We found him at the end of the hallway near the front door fully engaged in a conversation with a man we had never seen before.
The man, Charles later said, had simply held the door open for him. After Charles said thank you, the man complimented him on having good manners. Charles added that the man told him that his parents did a good job raising him.
The man remained, waiting for my husband and me to also walk through the open door.
As I approached, I noticed the man’s kind face and bright eyes. After saying thank you, I told the man to have a good evening.
With a smile on his face, the man, who mentioned he was a former Marine, contentedly said the following: “I will have a good evening. I will have a good tomorrow. And if I don’t, ma’m, it’s my own fault.”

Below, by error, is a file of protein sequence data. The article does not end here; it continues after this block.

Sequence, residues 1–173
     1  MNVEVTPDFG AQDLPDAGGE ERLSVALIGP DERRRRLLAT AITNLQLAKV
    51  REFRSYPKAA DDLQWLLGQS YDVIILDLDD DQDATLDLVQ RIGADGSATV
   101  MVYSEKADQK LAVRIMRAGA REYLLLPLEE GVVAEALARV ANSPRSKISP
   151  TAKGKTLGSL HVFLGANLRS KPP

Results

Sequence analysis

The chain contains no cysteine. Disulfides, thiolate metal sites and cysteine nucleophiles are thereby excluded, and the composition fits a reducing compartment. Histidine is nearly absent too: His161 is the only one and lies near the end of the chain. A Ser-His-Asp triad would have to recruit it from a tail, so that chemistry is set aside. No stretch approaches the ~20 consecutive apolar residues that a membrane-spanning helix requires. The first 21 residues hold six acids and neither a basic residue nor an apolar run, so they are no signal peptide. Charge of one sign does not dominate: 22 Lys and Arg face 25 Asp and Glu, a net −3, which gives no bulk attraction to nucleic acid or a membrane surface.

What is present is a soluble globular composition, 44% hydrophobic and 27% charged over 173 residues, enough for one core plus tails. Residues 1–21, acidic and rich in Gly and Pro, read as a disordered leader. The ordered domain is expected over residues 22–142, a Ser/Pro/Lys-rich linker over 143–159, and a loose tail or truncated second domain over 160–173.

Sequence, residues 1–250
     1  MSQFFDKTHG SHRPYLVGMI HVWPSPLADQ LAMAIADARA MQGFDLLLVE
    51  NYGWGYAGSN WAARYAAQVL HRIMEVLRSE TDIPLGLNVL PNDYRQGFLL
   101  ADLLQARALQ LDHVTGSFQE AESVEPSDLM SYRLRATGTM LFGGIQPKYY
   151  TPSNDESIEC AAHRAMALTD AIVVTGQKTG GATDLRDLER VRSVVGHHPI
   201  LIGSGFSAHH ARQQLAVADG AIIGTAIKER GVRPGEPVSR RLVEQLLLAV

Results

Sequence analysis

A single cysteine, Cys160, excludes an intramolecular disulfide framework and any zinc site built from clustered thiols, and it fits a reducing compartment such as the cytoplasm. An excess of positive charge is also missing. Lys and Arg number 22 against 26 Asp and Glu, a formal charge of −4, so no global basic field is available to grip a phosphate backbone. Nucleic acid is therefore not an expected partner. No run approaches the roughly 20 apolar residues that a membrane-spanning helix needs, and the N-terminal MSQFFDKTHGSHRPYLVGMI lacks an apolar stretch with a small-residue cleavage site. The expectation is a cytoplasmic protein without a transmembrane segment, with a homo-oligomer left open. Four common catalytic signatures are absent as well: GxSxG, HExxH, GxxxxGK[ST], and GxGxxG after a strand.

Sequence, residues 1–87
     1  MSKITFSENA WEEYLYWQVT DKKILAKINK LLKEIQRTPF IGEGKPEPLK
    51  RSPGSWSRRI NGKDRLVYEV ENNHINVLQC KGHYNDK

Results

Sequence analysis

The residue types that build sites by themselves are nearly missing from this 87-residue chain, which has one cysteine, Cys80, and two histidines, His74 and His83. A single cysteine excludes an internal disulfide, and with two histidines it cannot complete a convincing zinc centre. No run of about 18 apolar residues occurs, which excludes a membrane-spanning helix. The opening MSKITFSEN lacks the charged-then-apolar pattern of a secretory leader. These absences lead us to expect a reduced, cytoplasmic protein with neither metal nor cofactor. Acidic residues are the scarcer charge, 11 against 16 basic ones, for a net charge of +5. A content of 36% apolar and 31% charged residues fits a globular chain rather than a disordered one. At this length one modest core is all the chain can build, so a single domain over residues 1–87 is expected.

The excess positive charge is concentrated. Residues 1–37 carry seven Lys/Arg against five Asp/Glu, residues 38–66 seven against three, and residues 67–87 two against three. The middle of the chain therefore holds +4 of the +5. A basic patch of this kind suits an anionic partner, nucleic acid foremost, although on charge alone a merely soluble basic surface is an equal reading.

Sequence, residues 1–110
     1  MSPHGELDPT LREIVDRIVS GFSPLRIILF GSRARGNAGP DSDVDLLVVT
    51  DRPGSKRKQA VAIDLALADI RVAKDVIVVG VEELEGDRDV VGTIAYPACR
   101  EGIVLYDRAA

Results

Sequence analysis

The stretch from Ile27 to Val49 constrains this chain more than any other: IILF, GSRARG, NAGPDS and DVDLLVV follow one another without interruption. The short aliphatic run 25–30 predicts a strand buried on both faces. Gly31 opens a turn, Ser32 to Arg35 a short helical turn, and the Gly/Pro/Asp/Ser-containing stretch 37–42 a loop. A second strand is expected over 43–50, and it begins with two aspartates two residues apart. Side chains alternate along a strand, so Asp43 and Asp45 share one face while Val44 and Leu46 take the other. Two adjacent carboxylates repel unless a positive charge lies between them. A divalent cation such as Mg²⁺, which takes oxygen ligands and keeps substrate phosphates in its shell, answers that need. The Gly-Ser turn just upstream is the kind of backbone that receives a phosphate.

As often happens in life, there are fleeting moments of time, seconds really, when we encounter a complete stranger who offers words of wisdom, who has something important to say.
“And if I don’t, ma’m, it’s my own fault,” the words reverberated.
If we are listening, the words make us take note, make us stand up a little taller, and afford us the opportunity to reflect for just a wee bit. We are, in short, given a gift. These rich moments are somehow absorbed into our being. They enhance our lives and alter our outlook.
Such was the outcome after the brief conversation, an interlude, if you will, with the man standing by the door at the oldest Moose Lodge in the world, a place almost forgotten, on a balmy spring night in Frankfort.
Alvia Lewis Frey is a columnist for the Pharos-Tribune. She can be reached at firstname.lastname@example.org.